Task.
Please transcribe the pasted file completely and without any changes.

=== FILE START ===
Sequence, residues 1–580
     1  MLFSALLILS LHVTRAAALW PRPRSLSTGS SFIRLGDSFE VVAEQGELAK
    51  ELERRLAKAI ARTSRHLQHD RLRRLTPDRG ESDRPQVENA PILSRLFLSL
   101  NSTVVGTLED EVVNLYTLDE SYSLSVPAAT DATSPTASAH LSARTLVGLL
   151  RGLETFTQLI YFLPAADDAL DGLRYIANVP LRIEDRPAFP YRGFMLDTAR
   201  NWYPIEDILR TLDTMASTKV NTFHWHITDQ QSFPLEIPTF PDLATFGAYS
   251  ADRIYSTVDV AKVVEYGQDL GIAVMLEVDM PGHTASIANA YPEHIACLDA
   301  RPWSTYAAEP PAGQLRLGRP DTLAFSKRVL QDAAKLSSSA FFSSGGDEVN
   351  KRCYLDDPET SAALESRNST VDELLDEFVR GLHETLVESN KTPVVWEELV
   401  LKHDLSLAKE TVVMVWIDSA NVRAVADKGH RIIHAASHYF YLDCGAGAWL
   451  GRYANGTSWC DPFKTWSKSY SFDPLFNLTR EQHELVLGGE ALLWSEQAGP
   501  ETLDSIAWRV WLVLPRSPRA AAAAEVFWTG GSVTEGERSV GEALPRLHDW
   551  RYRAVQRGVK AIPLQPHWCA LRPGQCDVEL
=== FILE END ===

Sequence, residues 1–580
     1  MLFSALLILS LHVTRAAALW PRPRSLSTGS SFIRLGDSFE VVAEQGELAK
    51  ELERRLAKAI ARTSRHLQHD RLRRLTPDRG ESDRPQVENA PILSRLFLSL
   101  NSTVVGTLED EVVNLYTLDE SYSLSVPAAT DATSPTASAH LSARTLVGLL
   151  RGLETFTQLI YFLPAADDAL DGLRYIANVP LRIEDRPAFP YRGFMLDTAR
   201  NWYPIEDILR TLDTMASTKV NTFHWHITDQ QSFPLEIPTF PDLATFGAYS
   251  ADRIYSTVDV AKVVEYGQDL GIAVMLEVDM PGHTASIANA YPEHIACLDA
   301  RPWSTYAAEP PAGQLRLGRP DTLAFSKRVL QDAAKLSSSA FFSSGGDEVN
   351  KRCYLDDPET SAALESRNST VDELLDEFVR GLHETLVESN KTPVVWEELV
   401  LKHDLSLAKE TVVMVWIDSA NVRAVADKGH RIIHAASHYF YLDCGAGAWL
   451  GRYANGTSWC DPFKTWSKSY SFDPLFNLTR EQHELVLGGE ALLWSEQAGP
   501  ETLDSIAWRV WLVLPRSPRA AAAAEVFWTG GSVTEGERSV GEALPRLHDW
   551  RYRAVQRGVK AIPLQPHWCA LRPGQCDVEL